TILA-RESPA Integrated Disclosure Rule and How it Will Benefit Borrowers
Beginning October 3, 2015 the new TILA-RESPA Integrated Disclosure Rule will be implemented changing the way we have been conducting bank closings over the last several years. The new rule will replace the current Initial Good Faith Estimate as well as the HUD Settlement Statement and Truth In Lending Disclosure, both of which are received just before or at closing, with two new forms called the loan estimate and the closing disclosure.
The loan estimate and the closing disclosure have been created to ease the confusion borrowers may experience at closing in connection with their loan terms and the fees they are paying. The Consumer Financial Protection Bureau’s goal is to make the closing process smooth and easy to understand for the borrower. The borrower should be fully aware of all of the terms of their loan throughout the entire closing process.
The loan estimate form will replace the current good faith estimate. The borrower must receive this form within three days of submitting an application to the lender. This is a strict lender requirement. This form will advise the borrower of the lender and third-party fees associated with the loan. These may include appraisals, flood search fees, tax service fees, and title insurance. It will also provide the borrower’s interest rate, any possible prepayment penalties, and/or interest rate changes in the future.
Replacing the HUD and Truth In Lending Disclosure will be the closing disclosure form. Here the borrower will clearly see all costs associated with the closing paid by buyer and seller as well as the final loan terms including interest rate, monthly principal and interest payment, and escrow amount for real estate taxes and homeowner’s insurance.
The Consumer Financial Protection Bureau has found that borrowers who receive their documents for review prior to closing had a much clearer understanding of the fees and terms associated with their loan and were much less confused than those borrowers only receiving documents at closing. Therefore, the new closing disclosure form must be provided to the borrower at least three days prior to closing for review unlike the HUD and truth in lending disclosure which are currently provided just before or at closing.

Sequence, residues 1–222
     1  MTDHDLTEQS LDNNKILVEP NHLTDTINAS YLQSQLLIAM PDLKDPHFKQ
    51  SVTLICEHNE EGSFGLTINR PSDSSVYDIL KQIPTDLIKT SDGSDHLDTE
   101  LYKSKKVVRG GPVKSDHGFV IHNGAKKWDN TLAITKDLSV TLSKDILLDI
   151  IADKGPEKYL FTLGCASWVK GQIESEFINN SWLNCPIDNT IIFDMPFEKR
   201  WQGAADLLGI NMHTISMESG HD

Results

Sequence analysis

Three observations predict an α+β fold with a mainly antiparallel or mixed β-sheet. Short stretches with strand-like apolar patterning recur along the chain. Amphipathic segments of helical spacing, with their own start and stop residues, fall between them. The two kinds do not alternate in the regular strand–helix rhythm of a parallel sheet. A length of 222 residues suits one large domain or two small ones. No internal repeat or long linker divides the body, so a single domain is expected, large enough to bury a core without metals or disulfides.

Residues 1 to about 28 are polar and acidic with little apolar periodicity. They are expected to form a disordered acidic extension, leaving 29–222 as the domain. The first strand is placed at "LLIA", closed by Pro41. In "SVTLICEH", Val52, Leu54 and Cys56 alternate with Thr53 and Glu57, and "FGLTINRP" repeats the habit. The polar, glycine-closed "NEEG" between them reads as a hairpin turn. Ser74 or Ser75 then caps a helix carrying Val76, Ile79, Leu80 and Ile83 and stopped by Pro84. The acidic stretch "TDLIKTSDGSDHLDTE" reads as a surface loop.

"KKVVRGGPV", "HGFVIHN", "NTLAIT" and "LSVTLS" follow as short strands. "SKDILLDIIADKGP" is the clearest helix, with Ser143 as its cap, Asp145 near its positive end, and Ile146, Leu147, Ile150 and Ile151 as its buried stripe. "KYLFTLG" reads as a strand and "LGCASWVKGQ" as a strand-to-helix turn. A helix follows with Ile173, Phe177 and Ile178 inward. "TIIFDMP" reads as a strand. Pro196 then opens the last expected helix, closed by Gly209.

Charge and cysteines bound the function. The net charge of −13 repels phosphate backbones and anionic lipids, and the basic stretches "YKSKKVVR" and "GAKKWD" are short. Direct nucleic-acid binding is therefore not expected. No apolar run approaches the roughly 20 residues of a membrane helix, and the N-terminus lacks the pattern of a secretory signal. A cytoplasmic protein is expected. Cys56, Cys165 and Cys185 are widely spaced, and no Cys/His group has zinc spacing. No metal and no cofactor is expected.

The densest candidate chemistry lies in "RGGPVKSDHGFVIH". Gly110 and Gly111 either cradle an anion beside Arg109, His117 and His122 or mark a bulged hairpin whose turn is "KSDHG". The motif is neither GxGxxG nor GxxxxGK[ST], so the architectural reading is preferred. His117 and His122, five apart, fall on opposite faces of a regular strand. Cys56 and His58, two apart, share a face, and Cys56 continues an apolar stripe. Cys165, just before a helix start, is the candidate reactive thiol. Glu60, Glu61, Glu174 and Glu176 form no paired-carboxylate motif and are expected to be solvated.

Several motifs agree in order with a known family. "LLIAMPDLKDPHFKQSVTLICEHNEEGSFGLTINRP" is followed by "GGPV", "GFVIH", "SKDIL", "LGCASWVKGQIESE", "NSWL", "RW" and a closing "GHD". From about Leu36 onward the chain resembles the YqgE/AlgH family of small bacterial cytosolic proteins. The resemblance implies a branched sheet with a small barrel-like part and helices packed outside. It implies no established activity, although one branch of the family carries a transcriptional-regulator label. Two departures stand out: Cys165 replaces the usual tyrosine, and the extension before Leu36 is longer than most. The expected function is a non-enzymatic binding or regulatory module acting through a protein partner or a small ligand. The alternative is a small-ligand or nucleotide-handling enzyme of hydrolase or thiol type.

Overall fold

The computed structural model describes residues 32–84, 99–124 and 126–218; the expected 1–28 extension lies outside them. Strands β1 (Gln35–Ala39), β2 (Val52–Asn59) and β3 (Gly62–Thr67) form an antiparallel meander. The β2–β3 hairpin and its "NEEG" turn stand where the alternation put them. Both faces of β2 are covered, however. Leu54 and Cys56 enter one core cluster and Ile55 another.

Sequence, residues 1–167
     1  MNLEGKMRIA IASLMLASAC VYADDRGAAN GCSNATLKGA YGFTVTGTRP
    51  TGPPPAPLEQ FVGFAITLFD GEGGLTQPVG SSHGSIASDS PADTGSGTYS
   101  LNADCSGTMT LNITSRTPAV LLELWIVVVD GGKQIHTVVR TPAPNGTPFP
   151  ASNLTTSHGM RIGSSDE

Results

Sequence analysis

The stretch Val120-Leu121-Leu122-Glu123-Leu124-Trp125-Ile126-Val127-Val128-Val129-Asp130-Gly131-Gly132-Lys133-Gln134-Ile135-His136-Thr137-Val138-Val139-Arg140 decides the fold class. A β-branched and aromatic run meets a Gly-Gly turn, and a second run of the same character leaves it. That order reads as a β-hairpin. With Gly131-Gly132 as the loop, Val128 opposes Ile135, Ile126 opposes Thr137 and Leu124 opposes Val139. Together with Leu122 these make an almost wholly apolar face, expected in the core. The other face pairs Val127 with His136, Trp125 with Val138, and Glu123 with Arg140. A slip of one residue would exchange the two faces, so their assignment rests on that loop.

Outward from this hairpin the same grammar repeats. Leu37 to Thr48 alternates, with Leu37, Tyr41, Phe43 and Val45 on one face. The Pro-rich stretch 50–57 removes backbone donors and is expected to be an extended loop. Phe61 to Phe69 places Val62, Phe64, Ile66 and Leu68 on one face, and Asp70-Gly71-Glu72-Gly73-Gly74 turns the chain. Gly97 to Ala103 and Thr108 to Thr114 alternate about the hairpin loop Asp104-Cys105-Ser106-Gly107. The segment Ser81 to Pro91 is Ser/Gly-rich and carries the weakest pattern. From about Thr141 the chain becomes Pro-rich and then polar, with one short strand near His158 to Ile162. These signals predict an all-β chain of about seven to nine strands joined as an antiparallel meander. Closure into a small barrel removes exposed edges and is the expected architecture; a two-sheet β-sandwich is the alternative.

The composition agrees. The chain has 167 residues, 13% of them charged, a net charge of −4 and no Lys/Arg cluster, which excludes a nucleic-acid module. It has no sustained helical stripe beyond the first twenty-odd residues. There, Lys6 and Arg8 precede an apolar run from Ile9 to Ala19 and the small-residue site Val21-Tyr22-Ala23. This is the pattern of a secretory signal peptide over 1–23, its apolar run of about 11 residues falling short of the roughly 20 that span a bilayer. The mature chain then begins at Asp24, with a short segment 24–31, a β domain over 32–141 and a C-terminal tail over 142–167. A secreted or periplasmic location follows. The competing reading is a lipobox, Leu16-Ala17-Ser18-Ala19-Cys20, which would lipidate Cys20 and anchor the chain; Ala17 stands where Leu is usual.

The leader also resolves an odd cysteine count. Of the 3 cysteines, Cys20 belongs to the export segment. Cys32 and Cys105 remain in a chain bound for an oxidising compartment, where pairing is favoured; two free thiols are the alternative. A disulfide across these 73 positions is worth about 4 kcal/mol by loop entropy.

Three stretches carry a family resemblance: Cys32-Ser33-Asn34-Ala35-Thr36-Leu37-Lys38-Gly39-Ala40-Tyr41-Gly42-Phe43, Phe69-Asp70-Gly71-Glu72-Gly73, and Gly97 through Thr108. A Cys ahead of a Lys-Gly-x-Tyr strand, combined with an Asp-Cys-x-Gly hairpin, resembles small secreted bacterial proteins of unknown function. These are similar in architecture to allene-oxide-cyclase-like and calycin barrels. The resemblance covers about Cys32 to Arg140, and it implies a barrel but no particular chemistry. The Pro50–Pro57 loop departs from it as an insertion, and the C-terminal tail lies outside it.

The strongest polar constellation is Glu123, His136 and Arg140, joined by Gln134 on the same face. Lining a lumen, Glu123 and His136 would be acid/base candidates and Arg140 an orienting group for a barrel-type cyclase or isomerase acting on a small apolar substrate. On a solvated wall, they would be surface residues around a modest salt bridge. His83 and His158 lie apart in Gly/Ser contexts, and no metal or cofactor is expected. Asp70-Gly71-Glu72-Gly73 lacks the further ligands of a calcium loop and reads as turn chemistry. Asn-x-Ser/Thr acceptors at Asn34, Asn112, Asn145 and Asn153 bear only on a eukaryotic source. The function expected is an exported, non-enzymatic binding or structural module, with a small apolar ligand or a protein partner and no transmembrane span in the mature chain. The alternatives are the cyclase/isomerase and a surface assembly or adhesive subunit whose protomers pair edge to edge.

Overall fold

Receiving this final form early will allow borrowers to feel as if the closing is a three-day process rather than a one- or two-hour rushed event. Borrowers will have the opportunity to review all of the terms and costs associated with their loan and an opportunity to flag and correct any errors they may find. This form will allow borrowers to play an active role in their closing and feel less overwhelmed.
How will this affect the lender’s attorney or closing agent? Although it is not a requirement, most lenders will choose to draw up the new documents themselves rather than have them prepared by the closing agent. The reason being that the new laws will hold the lender responsible for any errors in the forms. Penalties will go into effect immediately on October 3, 2015. Closing agents will be on board to assist the lender in obtaining all necessary and accurate fees.
Adam Leitman Bailey, P.C.’s settlement department is excited about the new procedures and forms and Adam Leitman Bailey, P.C. looks forward to providing borrowers with the ultimate closing experience.